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Dan Croll headlines this week's indie music blotter.

Dan Croll headlines this week’s indie music blotter.

By Carolyn Todd

“From Nowhere,” Dan Croll

“From Nowhere EP”

Liverpool artist Dan Croll’s debut single “From Nowhere” exceeded an impressive 100,000 plays on SoundCloud in just two weeks, before it was even officially released in digital format. After hearing the superb track, you’ll understand why.

“From Nowhere” is the kind of singular sonic gold that instantly converts first-time listeners into fans. The track has undeniable pop-rock radio appeal, underpinned by a sexy ingenuity and surprising depth. A steady beat and recurrent revving  guitar slides lend the song a satisfying pace.

Croll himself exudes the intelligence and creative vision of a burgeoning virtuoso. In “From Nowhere,” you get the feeling that he just might be mocking the bombast of the pop genre with his one dimensional, even corny, chorus.

His mellow voice almost takes a backseat to the sublimely orchestrated instrumentation of his seven-piece band. It’s rare for an artist to successfully mesh as many different musical textures into a pure and cohesive sound as Croll does.

He continues, “I’m between two points. I don’t know what you’d call that, a genre that hasn’t got a name.” Wherever Croll sits on the musical spectrum, we’re happy to meet him there. Expect a full-length debut album in 2013, and, until then, enjoy the three danceable “From Nowhere” remixes on the EP.

 

How Do You Ruin Me,” Black Prairie

“A Tear in the Eye is a Wound in the Heart”

This quirky tune hails from the exploratory sophomore album of the Decemberists’ splinter band Black Prairie, which debuted Sept. 18. The eclectic musicians are authentic Americana artists, collaging an unusual sound from the traditions of Appalachian and Eastern European folk,   bluegrass,   country,    jazz and Italian film scores.

“How Do You Ruin Me” is as dark as the title suggests, but also strangely seductive and enigmatic. Black Prairie somehow manages to rock the rapid marching-band drum line that drives the song. Over the brisk percussions, singer Annalisa Tornfelt’s reserved vocals unfurl slowly and sensuously,   like smoke rising from the tip of burning incense. It’s a shame that only half the songs on the album showcase her talent (the other half are instrumental). Moody orchestral flourishes such as a romantic accordion and grim autoharp strums percolate the song, occasionally giving way to sorrowful violin and finger-picked Spanish guitar interludes.

The collectively written lyrics are poetically understated and alluring: “In the way that I am my own/In the way that I am undone/In the way that you wish for more/In the way I want to make you mine.”

See Black Prairie at cozy local venue Milkboy Coffee in Philadelphia on Jan. 17.

“Default,” Django Django

“Django Django”

Django Django is the kind of band you could hate for their pretentious insistence on being weird…if only they weren’t so darn good.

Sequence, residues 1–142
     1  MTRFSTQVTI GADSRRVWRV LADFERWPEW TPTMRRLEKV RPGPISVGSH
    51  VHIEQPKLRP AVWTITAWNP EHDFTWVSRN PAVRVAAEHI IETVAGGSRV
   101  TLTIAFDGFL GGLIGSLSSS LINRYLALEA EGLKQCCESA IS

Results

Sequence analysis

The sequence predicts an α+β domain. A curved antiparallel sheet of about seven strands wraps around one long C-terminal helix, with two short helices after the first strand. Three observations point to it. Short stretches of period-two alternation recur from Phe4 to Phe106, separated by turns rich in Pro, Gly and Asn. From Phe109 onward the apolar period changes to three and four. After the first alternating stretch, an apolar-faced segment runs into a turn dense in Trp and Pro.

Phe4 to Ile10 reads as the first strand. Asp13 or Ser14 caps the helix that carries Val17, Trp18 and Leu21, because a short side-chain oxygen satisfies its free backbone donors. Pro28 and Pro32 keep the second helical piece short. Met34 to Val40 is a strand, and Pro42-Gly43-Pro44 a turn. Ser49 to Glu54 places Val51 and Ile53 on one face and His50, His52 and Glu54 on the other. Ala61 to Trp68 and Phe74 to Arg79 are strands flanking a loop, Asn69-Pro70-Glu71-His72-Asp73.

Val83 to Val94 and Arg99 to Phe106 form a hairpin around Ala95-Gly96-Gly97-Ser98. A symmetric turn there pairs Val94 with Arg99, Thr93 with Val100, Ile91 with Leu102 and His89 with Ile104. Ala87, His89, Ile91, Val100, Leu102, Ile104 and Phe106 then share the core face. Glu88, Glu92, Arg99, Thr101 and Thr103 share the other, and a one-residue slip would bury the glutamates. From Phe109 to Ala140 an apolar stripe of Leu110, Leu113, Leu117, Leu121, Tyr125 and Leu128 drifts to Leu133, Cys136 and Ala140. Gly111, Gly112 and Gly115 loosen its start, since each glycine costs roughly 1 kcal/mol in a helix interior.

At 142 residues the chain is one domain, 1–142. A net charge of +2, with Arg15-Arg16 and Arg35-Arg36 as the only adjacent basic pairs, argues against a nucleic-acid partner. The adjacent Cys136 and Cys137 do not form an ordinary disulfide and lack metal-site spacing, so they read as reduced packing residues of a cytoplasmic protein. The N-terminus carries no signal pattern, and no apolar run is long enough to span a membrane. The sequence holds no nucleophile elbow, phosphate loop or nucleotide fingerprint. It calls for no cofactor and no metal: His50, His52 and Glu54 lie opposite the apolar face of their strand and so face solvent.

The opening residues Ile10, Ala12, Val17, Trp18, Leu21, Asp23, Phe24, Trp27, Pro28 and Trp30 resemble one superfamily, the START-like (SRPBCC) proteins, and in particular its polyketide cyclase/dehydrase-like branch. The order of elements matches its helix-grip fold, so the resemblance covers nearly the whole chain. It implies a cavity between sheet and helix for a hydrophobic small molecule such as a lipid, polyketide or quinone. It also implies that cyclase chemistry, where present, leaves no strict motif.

The single “Default” from their eponymous debut CD is a characteristically bizarre piece—witty, playful and, yes, weird.

Fun and frenetic, Django Django sounds exactly how you’d expect a group who met at art school in Edinburgh to sound. Talking Heads, the Dandy Warhols, Devo, Yeasayer, the Beach Boys, Hot Chip, Beck and Super Furry Animals are all helpful reference points, but the truth is these guys aren’t located on any music map that I’m familiar with.

We’ll call it somewhere between futuristic art rock, surf pop and neo-psychedelia.

With a  swaggering   electric  guitar    hook, distorted staccato vocal samples, robotic beeps and blips, tambourine tapping and electronic gurgling, “Default” is an expression of neurotic genius.

The boys even manage to craft a kinetic bridge out of staccato vocal samples that mimic the rhythm of a sped-up cuckoo clock. Django Django doesn’t seem to suffer from an attention deficit disorder so much as thrive on it.  “Default” reached the Top 50 singles chart in Belgium this year—fingers crossed that U.S. audiences keep an open mind for these art-school beatniks.

 

“Stars (Hold On),” Youngblood Hawke

“Youngblood Hawke”

Youngblood Hawke, the L.A. quintet who borrowed its unique moniker from the acclaimed 1961 Herman Wouk novel, is poised to be the next big thing in pop rock. If you heard their radio hit single “We Come Running” this summer, you’ll be glad to know the rest of the band’s EP pulses with the same “young blood.”

The band’s youthful energy infuses their sound with a fresh sense of wonder at the world, and a genuine joie de vivre.   The uplifting “Stars (Hold On)” shows off the Youngblood Hawke’s talent at writing lyrics that celebrate a universal optimism: “  We’re all fighting to make something for ourselves / We’ve all got the sun to follow.”

Musically similar to the band Fun., the group often features children’s choirs and soaring choruses, both of which work very well on this particular track (“Hold on, hold on/The stars are ’bout to change”).

If the distinctive vocals sound familiar, it’s because leading members Sam Martin and Simon Katz were formerly of Iglu & Hartly,  the short-lived project behind the 2008 breakout indie hit “In This City.”

Catch “Youngblood Hawke” on tour with Keane this January, or download the whole EP for an instant audio pick-me-up.

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